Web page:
Affordable Access

deepdyve-link
Publisher Website

Hierarchical Factor Analysis and Factorial Invariance of the Chinese Overparenting Scale.

Authors
  • Leung, Janet T Y1
  • Shek, Daniel T L1
  • 1 Department of Applied Social Sciences, The Hong Kong Polytechnic University, Hong Kong, China. , (China)
Type
Published Article
Journal
Frontiers in Psychology
Publisher
Frontiers Media SA
Publication Date
Jan 01, 2019
Volume
10
Pages
1873–1873
Identifiers
DOI: 10.3389/fpsyg.2019.01873
PMID: 31474911
Source
Medline
Keywords
Language
English
License
Unknown

Abstract

Overparenting has become an emergent phenomenon, where parents intrude into the lives and directions of their children and remove any anticipated obstacles that their children may encounter. This phenomenon develops rapidly across different ages, nations and cultures. This study examined the dimensionality of the Chinese paternal/maternal overparenting scales (CPOS and CMOS) in 1,735 early adolescents (mean age = 12.63 ± 0.78 years; 47.4% were female) in Hong Kong. Confirmatory factor analyses indicated that an 8-factor model fitted the data well for both scales. The factors included close monitoring, intrusion of child's life and direction, over-emphasis on child's academic performance, frequent comparison of child's achievement with others, overscheduling of child's daily routine, anticipatory problem-solving, excessive affective response and excessive care. Hierarchical factor analyses showed that these factors could be subsumed under two second-order factors of "over-demandingness" and "over-responsiveness," which provides support for the conceptual framework of parenting. Furthermore, the hierarchical factor models of the CPOS and CMOS were invariant in adolescent boys and girls; the scales and subscales showed good internal consistency. The present findings suggest that the CPOS and CMOS showed good factorial validity and reliability that can be used to assess overparenting objectively among early adolescents in the Chinese contexts.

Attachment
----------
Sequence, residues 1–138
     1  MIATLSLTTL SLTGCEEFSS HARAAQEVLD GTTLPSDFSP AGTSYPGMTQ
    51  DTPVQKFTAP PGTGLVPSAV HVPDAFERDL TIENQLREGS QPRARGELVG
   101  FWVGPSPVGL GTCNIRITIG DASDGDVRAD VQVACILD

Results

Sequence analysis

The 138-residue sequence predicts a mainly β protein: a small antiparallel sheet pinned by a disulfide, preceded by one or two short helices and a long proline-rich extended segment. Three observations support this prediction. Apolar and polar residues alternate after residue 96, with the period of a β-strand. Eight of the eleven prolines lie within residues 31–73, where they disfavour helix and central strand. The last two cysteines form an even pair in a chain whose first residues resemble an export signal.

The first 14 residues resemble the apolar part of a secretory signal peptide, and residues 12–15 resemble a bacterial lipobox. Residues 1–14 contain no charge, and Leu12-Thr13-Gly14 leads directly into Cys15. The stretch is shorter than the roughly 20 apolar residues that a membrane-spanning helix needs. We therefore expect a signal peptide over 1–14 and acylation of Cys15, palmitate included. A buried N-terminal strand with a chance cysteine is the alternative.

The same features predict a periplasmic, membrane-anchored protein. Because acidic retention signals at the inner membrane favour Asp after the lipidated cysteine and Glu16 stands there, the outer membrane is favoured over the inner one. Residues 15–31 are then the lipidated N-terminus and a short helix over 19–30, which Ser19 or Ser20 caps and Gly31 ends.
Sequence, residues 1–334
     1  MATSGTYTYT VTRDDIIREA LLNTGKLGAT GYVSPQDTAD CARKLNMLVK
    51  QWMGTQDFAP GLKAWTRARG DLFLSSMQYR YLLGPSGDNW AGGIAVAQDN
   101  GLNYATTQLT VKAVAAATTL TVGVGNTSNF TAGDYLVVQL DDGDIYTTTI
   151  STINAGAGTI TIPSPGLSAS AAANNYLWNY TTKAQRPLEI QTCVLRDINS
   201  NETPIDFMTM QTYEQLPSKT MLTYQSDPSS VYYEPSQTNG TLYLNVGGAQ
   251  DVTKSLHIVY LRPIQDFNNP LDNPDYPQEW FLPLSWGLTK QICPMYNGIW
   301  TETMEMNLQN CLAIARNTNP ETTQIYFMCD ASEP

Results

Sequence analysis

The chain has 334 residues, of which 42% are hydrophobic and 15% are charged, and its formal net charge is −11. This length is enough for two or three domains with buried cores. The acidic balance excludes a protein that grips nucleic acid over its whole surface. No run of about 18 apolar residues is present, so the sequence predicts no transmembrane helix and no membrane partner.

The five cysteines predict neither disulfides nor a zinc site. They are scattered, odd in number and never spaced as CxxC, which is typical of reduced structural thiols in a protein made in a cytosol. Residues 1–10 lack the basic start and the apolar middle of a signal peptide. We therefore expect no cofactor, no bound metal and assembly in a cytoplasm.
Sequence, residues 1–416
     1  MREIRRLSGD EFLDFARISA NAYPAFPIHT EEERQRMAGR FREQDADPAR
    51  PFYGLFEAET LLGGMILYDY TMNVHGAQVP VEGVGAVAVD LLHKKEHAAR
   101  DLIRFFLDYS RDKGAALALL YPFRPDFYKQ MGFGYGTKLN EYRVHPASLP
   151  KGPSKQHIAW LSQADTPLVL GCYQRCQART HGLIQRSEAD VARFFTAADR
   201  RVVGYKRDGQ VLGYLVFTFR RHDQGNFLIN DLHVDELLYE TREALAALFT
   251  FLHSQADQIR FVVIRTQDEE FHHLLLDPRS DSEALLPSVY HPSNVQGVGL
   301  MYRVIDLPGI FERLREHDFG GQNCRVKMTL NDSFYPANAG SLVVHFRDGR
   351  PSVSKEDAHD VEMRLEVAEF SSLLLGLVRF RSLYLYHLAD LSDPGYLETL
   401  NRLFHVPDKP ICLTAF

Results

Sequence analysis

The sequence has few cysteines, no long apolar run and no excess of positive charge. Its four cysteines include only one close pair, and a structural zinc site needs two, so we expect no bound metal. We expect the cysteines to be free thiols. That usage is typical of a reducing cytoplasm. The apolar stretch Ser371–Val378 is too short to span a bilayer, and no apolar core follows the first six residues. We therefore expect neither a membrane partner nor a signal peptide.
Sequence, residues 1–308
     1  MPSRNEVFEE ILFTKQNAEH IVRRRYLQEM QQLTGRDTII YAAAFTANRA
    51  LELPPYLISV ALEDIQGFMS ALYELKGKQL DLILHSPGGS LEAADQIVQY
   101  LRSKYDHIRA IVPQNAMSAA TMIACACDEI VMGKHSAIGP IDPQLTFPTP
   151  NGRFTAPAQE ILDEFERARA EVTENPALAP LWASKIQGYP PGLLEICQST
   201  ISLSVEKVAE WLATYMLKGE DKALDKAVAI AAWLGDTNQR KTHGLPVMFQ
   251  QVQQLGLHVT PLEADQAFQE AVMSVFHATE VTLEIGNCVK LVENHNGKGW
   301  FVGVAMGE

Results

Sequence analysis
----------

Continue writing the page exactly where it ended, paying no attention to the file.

Report this publication

Statistics

Seen <100 times